For the complete article, which includes summaries Eliade's descriptions of sacred time, nature and self, see here:
Mircea Eliade: The Sacred & The Profane 1 Sacred Space
by John Durham
Eliade starts by positioning his study relative to Rudolf Otto's The Idea of the Holy (1917). Otto had examined the sacred as an irrational experience, but Eliade will be concerned with what he calls the 'sacred in its entirety' [p 10].
He offers an initial definition of the sacred as 'the opposite of the profane' [p 10] and goes on to explain what he means by this in terms of the concept of hierophany. This is 'the manifestation of something of a wholly different order' [p 11], Otto's ganz andere [wholly other], in the ordinary profane world. 
Fundamental to Eliade's explanation is his idea of 'religious man'. This is 'man of all pre-modern societies' [p 12], for whom anything in nature could be the subject of religious experience, as being sacred: stones, trees, whatever.
Religious man tried to live in the presence of the sacred because he desired access to the ultimate reality and to the power ('enduringness and efficacity' [p 12]) of the sacred.
Eliade proposes to show how religious man differed from the non-religious man of modern societies, who lives in 'a desacralised cosmos' [p 13] . But he is not going to attempt to explain how the transition from religious to non-religious man came about historically.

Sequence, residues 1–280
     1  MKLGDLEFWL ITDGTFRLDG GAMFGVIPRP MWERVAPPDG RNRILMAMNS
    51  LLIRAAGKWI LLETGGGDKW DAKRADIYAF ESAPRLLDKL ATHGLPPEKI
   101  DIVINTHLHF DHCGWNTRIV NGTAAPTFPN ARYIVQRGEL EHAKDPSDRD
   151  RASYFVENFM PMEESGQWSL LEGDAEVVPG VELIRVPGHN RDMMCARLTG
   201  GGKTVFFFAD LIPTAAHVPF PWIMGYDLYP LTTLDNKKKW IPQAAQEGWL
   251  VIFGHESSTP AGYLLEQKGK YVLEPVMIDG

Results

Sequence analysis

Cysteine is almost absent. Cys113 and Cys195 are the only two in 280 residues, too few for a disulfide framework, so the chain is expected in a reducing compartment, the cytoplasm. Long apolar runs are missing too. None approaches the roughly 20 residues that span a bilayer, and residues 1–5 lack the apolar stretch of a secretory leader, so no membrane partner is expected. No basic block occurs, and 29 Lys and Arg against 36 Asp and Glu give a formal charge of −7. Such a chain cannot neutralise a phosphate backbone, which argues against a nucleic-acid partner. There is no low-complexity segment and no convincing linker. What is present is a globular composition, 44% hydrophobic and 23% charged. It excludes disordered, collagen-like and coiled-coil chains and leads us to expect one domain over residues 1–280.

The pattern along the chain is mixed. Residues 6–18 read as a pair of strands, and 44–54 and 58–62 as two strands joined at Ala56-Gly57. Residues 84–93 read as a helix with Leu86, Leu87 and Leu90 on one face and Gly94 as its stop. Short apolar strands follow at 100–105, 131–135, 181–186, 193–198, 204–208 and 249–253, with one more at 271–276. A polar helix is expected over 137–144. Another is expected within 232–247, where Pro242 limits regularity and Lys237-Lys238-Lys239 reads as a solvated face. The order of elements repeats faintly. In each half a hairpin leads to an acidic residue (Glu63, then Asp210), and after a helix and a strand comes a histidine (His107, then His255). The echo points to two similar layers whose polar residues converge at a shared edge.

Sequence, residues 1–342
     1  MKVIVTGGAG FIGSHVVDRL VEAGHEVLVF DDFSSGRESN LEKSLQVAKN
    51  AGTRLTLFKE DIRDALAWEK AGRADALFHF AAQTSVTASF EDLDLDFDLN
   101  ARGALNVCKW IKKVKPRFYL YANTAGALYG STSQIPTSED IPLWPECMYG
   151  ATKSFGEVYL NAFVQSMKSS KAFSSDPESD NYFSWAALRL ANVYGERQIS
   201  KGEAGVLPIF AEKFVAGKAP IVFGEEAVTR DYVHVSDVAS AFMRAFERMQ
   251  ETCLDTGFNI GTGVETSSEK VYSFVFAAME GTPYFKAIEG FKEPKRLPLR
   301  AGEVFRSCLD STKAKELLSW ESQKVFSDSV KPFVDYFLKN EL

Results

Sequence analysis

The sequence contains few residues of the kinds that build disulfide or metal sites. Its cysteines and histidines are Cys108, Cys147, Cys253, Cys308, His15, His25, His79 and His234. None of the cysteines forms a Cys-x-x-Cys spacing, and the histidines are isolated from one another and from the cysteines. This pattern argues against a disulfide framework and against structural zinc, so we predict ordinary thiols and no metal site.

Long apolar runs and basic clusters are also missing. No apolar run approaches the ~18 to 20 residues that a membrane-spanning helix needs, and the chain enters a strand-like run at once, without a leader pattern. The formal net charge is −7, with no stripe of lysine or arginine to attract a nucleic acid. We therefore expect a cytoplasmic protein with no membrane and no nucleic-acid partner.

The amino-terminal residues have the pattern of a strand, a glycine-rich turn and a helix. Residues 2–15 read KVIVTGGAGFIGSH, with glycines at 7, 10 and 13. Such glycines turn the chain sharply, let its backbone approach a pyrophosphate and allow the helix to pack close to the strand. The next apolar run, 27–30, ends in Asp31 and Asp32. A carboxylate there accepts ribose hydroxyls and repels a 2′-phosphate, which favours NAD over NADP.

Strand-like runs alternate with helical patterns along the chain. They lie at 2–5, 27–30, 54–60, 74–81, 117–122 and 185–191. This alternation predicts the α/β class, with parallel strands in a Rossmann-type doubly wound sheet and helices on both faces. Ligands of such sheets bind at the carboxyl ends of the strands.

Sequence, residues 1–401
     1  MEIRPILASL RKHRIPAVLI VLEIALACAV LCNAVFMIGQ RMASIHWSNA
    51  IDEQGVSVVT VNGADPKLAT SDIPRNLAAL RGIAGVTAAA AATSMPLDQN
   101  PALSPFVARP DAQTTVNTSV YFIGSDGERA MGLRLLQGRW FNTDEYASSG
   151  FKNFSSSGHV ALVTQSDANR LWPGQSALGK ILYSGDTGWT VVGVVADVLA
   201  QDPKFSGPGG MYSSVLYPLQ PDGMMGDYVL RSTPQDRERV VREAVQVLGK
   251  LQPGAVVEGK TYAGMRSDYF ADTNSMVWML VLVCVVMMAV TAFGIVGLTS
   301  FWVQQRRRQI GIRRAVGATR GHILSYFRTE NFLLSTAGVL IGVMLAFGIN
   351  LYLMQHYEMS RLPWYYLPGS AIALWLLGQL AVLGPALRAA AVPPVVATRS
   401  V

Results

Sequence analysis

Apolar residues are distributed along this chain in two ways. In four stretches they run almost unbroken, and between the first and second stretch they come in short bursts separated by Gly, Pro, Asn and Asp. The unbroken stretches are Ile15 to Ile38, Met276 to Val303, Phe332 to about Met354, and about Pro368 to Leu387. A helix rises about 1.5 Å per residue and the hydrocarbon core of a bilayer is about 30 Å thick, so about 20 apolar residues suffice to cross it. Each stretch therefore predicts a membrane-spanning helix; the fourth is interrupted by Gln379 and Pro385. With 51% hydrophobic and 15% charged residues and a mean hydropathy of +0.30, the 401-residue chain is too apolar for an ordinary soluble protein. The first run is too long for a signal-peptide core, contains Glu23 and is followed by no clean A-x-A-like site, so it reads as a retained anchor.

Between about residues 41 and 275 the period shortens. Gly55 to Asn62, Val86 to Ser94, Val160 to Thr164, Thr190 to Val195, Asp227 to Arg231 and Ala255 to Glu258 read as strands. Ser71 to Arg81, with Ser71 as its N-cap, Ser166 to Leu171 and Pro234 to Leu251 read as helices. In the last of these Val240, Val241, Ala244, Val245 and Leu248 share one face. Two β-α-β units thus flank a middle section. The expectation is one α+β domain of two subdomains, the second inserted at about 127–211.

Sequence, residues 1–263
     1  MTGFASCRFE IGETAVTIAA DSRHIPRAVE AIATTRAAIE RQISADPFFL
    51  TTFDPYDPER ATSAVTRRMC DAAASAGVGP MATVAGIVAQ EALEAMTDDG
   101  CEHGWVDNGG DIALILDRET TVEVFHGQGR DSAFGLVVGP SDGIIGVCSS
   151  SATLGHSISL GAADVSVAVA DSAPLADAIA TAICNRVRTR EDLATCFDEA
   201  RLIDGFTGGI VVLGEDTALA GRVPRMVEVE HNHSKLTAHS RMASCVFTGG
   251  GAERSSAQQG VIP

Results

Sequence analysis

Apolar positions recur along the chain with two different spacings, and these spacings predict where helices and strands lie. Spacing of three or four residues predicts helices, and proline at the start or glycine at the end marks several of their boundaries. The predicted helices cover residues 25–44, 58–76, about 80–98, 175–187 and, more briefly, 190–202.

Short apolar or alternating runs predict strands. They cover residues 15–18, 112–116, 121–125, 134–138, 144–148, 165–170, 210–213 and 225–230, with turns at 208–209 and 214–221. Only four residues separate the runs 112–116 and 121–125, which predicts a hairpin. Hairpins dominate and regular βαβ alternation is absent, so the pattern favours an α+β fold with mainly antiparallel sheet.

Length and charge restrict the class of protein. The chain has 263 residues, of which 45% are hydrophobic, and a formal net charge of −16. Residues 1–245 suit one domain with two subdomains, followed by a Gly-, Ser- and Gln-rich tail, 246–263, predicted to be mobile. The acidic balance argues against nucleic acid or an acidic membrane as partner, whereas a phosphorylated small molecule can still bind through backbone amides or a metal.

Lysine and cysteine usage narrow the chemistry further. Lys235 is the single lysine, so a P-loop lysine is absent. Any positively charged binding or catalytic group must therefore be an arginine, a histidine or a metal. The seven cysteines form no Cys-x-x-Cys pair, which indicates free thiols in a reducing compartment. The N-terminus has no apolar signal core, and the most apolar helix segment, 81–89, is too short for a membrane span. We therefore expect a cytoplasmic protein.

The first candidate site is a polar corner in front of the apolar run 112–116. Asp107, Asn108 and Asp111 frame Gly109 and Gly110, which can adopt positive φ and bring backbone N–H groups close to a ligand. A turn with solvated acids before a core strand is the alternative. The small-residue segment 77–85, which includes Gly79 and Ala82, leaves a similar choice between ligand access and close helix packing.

Eliade claims that, whereas for non-religious man the spatial aspect of the world is basically experienced as uniformly neutral, for religious man it was experienced as non-homogeneous, partly sacred and partly not so. In particular, religious man experienced the world as having a sacred centre and sought to live there.
Eliade qualifies his claim that modern, non-religious man experiences the spacial aspect of his world as uniformly neutral. In fact, the latter experiences particular locations as special on account of personal associations: locations such as his place of birth. This sort of experience is to be regarded as degraded religious experience.
Eliade next discusses sacred places. An obvious example for us is the church, whose door is a threshold between the profane on the outside and the sacred inside. An equivalent to the church in archaic cultures was the sacred enclosure, which opened upwards towards the sky, the world of the gods. Sacred places were revealed to religious man by means of signs of various sorts, recognised as coming from the divine.
Cosmos and Chaos:
The major differentiation of space for religious man was that between cosmos and chaos. Traditional societies understood their own territory as cosmos, a world created out of primordial chaos by their gods, with surrounding territory remaining as chaos. Any extension of its territory was understood by a society as a repetition of the cosmogony, of the original divine act of creation of its world.
An example of how cosmogony worked, of how cosmos was imposed on chaos, concerns a nomadic Australian tribe, called the Achilpa. Their divine founder had fashioned and anointed a sacred pole, which the tribe carried with them on their wanderings. Its bending told them in which direction to travel and its very presence ensured that wherever they were they had cosmos, 'their world', around them. At the same time, the pole linked the people with their founder, above them in the heavens: after making the pole, he had climbed up it and vanished into the sky.
Similar beliefs in other pre-modern societies attached to sacred pillars, trees etc. They maintained the cosmos of 'our world' amid the chaos of surrounding space and kept open the connection with the divine founders in the heavens above.